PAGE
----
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Brain banks are key to understanding COVID's mysterious symptoms, but only if people are willing to donate

Some COVID-19 patients experience dizziness, loss of smell and even seizures, but we need brain donations from patients and healthy controls to understand why.

Kathryn Vaillancourt


McGill University

After 7 months and counting, we've all had first-hand experience with the stress and uncertainty that have hitched a ride with the COVID-19 pandemic. 

This situation is pushing our mental health to its limits. Some patients have been reporting strange neurological symptoms that suggest that the virus might be able to hit the human brain directly. If we’ve learned anything from similar viruses in the past, it’s that the effects of COVID-19 on the human brain may last for months or years after the pandemic is over. 

This is precisely why donations to brain banks are vitally important.

The method for preserving brains was created in the 1600s, and curious physicians and anatomists have been collecting brains ever since. But the systematic banking of brain tissue that exists today began in the early 20th century, arising from a need to study mysterious brain diseases. Today, there are brain banks throughout the US, Canada, Europe, and Australia that each focus on collecting and characterizing samples from specific brain disorders, and providing crucial resources to the research community.  Although the details differ between platforms, people can agree to have their brains donated to a brain bank, or their next of kin may be approached by a brain bank team about the possibility of donation after they’ve died. Whether they’ve been diagnosed with an illness or not, each brain donation is meticulously categorized and preserved so that they can continue to be studied, sometimes decades later.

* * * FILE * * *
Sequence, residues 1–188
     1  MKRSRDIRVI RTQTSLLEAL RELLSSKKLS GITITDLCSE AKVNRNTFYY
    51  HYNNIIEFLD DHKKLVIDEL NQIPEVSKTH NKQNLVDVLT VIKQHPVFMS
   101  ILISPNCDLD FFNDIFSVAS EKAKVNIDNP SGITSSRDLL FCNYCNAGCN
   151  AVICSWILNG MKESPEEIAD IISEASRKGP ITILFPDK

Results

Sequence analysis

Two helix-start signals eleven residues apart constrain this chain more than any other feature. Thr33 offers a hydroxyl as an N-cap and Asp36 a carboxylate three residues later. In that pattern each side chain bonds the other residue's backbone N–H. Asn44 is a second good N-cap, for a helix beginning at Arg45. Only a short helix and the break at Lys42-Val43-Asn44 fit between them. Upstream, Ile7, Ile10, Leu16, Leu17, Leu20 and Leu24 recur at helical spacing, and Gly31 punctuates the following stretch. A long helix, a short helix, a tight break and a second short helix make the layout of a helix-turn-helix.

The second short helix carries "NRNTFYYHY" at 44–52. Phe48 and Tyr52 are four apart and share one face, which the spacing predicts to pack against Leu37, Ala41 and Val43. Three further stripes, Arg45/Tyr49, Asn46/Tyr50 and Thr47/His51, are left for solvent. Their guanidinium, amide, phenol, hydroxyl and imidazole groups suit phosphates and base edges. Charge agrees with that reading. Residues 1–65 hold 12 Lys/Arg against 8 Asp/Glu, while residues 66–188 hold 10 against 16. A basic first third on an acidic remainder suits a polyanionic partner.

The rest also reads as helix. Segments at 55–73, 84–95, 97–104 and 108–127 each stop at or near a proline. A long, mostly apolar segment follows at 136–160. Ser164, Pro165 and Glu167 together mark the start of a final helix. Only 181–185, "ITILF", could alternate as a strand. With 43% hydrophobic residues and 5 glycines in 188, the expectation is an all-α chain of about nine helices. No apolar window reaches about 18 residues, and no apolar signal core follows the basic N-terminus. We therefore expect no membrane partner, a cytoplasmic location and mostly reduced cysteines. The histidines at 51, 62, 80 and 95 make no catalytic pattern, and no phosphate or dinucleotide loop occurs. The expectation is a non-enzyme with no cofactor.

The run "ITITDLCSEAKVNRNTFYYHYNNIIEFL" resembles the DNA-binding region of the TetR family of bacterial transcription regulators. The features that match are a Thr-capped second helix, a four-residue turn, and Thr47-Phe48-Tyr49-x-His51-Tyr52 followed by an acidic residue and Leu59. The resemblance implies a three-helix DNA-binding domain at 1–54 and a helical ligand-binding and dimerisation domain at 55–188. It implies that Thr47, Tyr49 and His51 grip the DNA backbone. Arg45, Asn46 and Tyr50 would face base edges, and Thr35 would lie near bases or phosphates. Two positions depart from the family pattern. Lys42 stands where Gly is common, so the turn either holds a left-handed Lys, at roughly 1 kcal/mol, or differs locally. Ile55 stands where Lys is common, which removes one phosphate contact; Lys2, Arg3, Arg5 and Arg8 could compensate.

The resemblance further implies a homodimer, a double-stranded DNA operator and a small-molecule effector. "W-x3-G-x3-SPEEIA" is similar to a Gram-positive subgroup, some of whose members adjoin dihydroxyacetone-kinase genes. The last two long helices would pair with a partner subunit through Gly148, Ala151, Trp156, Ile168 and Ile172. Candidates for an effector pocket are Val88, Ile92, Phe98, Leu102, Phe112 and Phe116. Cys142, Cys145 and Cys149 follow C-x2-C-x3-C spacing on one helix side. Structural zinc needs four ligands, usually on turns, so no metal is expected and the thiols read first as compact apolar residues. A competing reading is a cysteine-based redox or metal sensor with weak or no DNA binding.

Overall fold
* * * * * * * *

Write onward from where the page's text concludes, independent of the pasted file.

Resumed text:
After the SARS pandemic in 2003, researchers used brain donations to discover that the virus could infect brain cells. This could explain why some SARS patients had symptoms like dizziness, confusion and anosmia (loss of the ability to smell). Curiously, reports have started to come out that COVID-19 can cause similar brain-related symptoms in some patients; the most common are headache, anosmia and brain fog, but COVID-19 can also cause seizures, strokes, or comas. There’s even some evidence that these symptoms are related to changes in brain structure, but without donated tissues it’s almost impossible to tell how the virus gets into the brain, or if it infects brain cells at all. It's possible that the virus infiltrates individual brain cells, causing them to malfunction, but the troubling symptoms that some patients experience could also be a side effect of the fever and inflammation that COVID-19 inflicts on the body as a whole. This means that for doctors struggling to find the right treatments and scientists looking for breakthroughs, brain banks might hold the answer.